that the statements thus obtained would not be admissible in a criminal trial. However, they believed such statements might be held to be voluntary and thus could be used for impeachment purposes, to keep the defendant off the stand, or to deprive him of the opportunity of forming an insanity defense. There is conflicting evidence as to whether appellant Dupnik was aware of or approved of this plan. Appellants concede, however, that for purposes of this appeal, the conflict in evidence must be resolved in favor of the plaintiff.
On May 7, 1986, following an oral report from Tucson Police Department identification technicians that two sets of latent prints found at the scene of two of the crimes attributable to the Prime Time Rapist had been identified as being those of Cooper, Taylor ordered the arrest of Cooper. Barkman and Wright met with Cooper for about thirty minutes at the probation office at 3:00 p.m. Miranda warnings were read, and a prearrest interview of Cooper took place. Following this, Cooper was placed under arrest, whereupon he made his first unequivocal request to contact his attorney. That request was never honored, nor were any of the several following requests.
During the probation interview, Cooper had been told that his prints matched those found at the scene of two of the Prime Time Rapist's crimes. He was also told that his prints matched crime scene prints from another attributed serial incidence when the officers actually possessed no such information. During the time between Cooper being placed under arrest and the time he was transported to the Pima County Sheriff's Department, the interrogation ceased. Upon their arrival at the Pima County Sheriff's Department, Wright advised Taylor that Cooper had requested an attorney, and Taylor told her to commence interrogating him anyway. Cooper was interrogated by appellants Wright, Barkman, and Detective Hust 3 in an interrogation room at the Pima County Sheriff's Department for approximately four hours. Participating officers were aware that Cooper's request for an attorney should have been honored and that they were violating Miranda in refusing to supply him with one.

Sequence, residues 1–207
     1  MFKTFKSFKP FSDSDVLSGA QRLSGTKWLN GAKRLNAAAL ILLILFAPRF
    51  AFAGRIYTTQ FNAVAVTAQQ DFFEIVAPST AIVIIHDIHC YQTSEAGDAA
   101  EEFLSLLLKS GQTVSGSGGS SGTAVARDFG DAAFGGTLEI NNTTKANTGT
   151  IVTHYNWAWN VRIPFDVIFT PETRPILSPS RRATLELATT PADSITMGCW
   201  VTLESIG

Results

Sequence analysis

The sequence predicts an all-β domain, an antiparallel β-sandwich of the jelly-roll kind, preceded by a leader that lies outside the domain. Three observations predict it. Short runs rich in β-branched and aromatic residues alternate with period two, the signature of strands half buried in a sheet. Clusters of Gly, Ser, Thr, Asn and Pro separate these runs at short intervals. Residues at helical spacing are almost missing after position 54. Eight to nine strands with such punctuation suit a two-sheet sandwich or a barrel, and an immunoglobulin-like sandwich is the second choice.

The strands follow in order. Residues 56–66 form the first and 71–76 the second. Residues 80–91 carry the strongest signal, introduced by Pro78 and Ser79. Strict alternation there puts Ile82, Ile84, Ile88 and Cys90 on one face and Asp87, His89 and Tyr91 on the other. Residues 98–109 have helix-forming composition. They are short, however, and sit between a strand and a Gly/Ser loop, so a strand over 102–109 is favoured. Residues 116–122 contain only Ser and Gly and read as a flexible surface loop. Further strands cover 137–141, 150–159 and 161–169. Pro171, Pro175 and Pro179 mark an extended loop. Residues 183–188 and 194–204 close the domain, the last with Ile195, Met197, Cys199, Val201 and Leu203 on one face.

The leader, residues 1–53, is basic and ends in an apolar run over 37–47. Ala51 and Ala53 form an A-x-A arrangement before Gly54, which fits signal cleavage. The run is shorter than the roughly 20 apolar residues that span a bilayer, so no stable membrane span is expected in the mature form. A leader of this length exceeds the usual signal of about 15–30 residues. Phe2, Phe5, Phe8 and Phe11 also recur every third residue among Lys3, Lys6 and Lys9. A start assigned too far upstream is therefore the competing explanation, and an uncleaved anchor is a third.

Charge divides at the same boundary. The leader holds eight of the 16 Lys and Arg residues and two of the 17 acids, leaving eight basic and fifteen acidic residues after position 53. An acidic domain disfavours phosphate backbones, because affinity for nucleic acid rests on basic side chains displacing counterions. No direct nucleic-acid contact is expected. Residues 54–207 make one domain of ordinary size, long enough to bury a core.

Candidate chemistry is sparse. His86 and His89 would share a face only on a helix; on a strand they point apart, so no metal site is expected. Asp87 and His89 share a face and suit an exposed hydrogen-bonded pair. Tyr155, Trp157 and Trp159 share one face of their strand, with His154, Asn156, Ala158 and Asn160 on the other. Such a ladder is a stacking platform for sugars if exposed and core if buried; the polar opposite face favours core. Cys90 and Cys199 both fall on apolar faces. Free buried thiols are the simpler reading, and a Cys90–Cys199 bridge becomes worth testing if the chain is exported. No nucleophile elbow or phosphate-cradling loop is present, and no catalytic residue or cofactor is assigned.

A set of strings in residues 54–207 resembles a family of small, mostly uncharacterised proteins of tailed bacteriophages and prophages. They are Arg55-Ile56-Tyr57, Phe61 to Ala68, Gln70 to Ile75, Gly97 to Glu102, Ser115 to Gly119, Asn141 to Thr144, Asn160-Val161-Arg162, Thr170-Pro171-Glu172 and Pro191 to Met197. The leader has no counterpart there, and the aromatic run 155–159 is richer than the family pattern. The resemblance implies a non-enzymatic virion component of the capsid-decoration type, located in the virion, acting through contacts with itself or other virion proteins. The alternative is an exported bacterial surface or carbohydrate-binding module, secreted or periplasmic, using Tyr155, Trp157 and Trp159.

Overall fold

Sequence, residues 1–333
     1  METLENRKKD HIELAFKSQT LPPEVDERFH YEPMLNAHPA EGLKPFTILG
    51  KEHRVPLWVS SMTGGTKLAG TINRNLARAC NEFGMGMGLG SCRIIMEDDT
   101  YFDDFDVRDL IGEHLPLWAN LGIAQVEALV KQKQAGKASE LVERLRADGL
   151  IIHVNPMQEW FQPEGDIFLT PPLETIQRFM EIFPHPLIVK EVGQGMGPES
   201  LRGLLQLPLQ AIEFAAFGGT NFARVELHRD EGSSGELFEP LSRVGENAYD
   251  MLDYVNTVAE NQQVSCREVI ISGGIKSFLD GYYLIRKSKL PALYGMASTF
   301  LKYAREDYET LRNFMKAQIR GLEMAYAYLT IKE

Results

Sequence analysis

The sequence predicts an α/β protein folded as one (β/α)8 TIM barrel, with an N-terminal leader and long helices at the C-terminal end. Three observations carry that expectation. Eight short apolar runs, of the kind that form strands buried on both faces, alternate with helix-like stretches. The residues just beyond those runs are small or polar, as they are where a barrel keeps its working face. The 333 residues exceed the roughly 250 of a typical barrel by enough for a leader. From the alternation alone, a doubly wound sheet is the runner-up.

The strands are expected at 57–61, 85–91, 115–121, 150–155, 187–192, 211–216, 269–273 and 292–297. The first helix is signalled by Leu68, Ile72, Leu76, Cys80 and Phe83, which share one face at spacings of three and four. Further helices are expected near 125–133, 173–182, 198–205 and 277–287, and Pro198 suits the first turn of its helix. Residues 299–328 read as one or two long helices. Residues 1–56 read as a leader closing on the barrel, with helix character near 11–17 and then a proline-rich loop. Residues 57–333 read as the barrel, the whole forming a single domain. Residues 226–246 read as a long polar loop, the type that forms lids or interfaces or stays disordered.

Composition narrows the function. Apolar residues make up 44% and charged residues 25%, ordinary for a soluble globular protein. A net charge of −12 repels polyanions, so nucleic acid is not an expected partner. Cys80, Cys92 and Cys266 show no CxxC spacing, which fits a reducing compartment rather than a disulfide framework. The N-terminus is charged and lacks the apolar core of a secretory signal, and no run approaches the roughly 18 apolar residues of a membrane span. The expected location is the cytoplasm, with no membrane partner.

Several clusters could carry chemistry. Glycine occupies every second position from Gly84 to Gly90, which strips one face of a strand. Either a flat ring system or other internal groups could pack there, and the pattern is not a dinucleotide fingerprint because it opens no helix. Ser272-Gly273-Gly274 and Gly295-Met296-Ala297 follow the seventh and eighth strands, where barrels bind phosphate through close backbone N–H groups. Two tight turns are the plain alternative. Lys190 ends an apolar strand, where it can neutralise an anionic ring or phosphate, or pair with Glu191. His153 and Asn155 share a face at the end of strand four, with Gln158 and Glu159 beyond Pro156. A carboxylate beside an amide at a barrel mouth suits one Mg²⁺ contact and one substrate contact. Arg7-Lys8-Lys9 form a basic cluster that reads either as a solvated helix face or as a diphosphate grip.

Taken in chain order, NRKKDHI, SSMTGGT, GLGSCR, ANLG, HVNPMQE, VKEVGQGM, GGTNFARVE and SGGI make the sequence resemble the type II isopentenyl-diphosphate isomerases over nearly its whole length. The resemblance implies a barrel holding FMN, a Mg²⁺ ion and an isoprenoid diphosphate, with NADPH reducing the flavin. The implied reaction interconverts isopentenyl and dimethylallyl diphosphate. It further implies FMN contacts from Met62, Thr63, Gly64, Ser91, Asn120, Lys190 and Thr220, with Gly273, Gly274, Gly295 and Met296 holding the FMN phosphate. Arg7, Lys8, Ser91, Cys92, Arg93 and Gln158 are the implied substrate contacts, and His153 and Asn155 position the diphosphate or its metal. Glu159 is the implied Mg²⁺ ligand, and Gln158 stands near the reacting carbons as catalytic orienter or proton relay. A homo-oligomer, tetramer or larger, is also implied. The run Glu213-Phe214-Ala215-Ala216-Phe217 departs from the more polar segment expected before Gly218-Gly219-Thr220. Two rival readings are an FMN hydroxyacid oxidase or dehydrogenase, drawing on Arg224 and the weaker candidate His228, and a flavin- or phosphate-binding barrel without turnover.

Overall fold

During the interrogation, Cooper was visibly upset, sometimes angry and sometimes crying. During one stage of the interrogation, Barkman made reference to Cooper's Judaic background, stating that "some of my friends are Jewish and they tell me that guilt is built in, to be Jewish is to be guilty." At about 9 p.m., after more than four hours of interrogation, Cooper was booked into the Pima County Jail. At that time, another request for counsel was made and ignored. Cooper had no contact with the outside world, including his family or an attorney, until the afternoon of the next day when he was released nearly twenty-four hours after his arrest.
It was later determined that the latent fingerprints found at the scene of the crime were definitely not Cooper's. A mistake had been made by the identification technicians, which is the subject of 42 U.S.C. Sec. 1983 and state tort charges not at issue in this appeal. Court charges were never filed against Cooper as to any of these crimes. Cooper's psychologist, Dr. Todd Flynn, Ph.D. in clinical psychology, testified that Mr. Cooper was traumatized and suffered from post-traumatic stress syndrome as a result of this interrogation.
There was tremendous media attention concerning the Prime Time Rapist in general and the arrest of Cooper in particular. This media coverage included a statement made the evening of May 7, 1986, by Taylor,
head of the task force, declaring, "what we have caught is a man who has committed two rapes of a series of twenty that we are looking at."
By the morning of May 8, 1986, Gene Scott ("Scott"), the head of the Tucson Police Department Identification Laboratory, realized the latent prints in issue did not belong to Cooper. In the late morning or early afternoon of that day, Ronstadt was told by Captain Leveranz that he did not think Cooper was "good" for the case. Ronstadt was further told that the people who had allegedly seen the Prime Time Rapist did not identify Cooper, and that the police department did not have grounds to charge Cooper with any crime. Ronstadt then met with Scott regarding the fingerprints. During that meeting, Scott explained to Ronstadt that there were "dissimilarities" between the latent prints attributed to the Prime Time Rapist and the known prints of plaintiff Cooper, meaning that the prints did not match. Ronstadt asked Scott why he did not notice the dissimilarities before the arrest. Scott told Ronstadt...